The Role of Imaging Radar in the Development of the Canadian Arctic: Background and Applications
Keywords:Climate change, Ice cover, Ice forecasting, Marine transportation, Meteorology, Movement, Ocean engineering, Remote sensing, Sea ice, Spatial distribution, SAR, SLAR, Cornwallis Island waters, Nunavut, Cornwallis Island, Devon Island waters
Imaging radars have been in use in the Canadian Arctic for over 20 years. Initially the use was sporadic, as the relatively new, declassified technology in the form of real aperture side-looking airborne radars (SLAR) was flown and the results studied. This situation existed until the late 1970s, when the use of two types of imaging radars became more widespread. The Atmospheric Environment Service (AES) introduced the Motorola APS-94 SLAR for use on regular reconnaissance flights, while the Canada Centre for Remote Sensing (CCRS) introduced the CV-580 X-L Synthetic Aperture Radar (SAR) for periodic missions in the Arctic for research in support of ice studies and shipping. As demand for ice information increased in support of offshore drilling in the Beaufort Sea and navigation in the Eastern Arctic and along the east coast, more systems were brought on line. AES added two more SLARs to their reconnaissance efforts in the early '80s, while Intera developed a digital SLAR and two digital SAR systems, STAR-1 and STAR-2. As part of a multi-year program to support AES's ice reconnaissance mandate in the Arctic and east coast areas, Intera has developed a dual-sided SAR in a jet aircraft for high-resolution, large-area coverage. Imaging radar, with its all-weather, day/night and cloud-penetrating capability, has proved to be the almost ideal sensor for many arctic applications. In support of offshore drilling in Alaska and Canada, large areas were flown to obtain up-to-date information for use in navigation and forecasting ice conditions. Real-time SAR and SLAR data can be downlinked to ships navigating in ice-infested waters to aid officers in determining the safest, most efficient and economical routing through the ice. Research into ice properties and signatures has improved our knowledge and understanding of the ice, which covers a large part of Canada's territorial waters for much of the year.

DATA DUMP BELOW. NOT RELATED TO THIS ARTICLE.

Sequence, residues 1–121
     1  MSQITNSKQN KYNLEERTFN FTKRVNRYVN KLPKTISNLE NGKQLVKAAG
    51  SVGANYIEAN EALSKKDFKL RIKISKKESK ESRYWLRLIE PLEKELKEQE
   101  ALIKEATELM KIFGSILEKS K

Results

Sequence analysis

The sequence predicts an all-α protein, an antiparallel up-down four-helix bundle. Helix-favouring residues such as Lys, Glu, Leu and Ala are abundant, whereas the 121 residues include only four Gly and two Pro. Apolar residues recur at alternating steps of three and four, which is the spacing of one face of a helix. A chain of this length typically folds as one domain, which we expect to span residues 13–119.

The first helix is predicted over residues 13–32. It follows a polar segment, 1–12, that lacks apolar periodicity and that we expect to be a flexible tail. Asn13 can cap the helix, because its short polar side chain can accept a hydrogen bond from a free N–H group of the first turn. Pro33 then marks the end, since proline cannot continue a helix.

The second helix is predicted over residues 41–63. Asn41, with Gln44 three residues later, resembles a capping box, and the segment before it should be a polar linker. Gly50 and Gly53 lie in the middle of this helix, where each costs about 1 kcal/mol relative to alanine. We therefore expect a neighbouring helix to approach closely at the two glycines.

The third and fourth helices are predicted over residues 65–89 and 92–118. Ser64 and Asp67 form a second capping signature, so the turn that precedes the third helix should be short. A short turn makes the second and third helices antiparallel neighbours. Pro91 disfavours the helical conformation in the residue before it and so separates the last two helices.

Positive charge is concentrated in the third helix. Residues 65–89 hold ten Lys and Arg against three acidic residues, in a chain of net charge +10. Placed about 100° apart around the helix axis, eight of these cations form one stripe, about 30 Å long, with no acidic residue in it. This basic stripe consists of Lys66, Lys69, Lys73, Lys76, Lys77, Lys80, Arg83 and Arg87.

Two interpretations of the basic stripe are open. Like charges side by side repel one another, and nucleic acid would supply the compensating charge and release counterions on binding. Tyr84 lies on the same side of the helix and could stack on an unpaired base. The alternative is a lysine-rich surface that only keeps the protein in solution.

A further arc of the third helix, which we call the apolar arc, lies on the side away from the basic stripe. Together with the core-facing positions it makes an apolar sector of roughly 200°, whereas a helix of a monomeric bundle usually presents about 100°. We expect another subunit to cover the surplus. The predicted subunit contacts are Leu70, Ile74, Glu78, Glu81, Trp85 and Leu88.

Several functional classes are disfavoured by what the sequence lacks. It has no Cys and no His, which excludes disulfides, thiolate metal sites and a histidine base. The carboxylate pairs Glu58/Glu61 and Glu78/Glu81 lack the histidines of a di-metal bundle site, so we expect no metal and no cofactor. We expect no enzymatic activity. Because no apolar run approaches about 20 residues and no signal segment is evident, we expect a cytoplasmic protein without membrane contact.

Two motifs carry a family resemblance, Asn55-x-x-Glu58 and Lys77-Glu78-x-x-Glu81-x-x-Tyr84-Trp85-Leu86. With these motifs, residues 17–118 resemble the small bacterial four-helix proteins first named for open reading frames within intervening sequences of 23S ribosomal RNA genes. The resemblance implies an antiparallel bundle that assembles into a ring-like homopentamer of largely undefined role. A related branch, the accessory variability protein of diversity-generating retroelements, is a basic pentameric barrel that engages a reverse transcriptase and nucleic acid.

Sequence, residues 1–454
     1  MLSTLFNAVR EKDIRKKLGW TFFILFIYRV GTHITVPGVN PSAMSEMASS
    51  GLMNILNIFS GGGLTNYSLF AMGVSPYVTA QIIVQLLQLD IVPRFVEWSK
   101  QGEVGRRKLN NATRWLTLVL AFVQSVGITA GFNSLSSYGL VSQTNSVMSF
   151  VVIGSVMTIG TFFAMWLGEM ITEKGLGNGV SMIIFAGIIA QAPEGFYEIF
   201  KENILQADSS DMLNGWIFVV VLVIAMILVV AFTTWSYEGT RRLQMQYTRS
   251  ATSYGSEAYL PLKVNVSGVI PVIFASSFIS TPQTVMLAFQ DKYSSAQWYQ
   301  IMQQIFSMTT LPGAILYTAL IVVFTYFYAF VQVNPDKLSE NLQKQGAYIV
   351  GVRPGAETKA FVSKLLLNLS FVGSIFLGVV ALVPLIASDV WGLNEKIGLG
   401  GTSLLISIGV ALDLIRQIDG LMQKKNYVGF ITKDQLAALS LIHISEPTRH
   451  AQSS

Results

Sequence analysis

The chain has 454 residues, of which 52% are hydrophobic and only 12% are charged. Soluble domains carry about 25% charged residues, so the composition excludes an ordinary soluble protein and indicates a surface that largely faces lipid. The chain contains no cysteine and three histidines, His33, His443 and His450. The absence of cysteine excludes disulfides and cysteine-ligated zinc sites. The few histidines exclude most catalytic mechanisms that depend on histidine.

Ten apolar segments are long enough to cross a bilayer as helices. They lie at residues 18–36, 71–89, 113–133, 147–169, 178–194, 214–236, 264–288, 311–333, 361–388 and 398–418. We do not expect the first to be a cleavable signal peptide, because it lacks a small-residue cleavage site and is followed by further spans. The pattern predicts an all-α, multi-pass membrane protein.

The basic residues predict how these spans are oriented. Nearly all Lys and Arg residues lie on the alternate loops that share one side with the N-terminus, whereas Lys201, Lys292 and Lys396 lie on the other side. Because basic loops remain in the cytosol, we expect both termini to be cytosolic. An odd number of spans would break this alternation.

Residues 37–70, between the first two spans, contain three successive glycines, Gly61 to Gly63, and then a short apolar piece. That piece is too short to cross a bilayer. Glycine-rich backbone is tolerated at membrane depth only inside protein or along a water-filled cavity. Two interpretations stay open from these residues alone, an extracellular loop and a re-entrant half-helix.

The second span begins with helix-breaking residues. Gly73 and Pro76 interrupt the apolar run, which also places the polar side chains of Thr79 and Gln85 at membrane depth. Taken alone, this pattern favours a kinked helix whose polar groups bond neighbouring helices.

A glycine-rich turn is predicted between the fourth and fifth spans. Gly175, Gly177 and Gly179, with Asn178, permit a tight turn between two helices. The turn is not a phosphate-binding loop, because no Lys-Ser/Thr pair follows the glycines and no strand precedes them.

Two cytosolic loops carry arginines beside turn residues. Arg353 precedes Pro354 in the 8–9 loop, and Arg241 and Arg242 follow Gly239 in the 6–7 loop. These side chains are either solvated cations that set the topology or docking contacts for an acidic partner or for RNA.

Key words: synthetic aperture radar (SAR), side-looking airborne radar (SLAR), Arctic, offshore drilling, modelling, navigation, development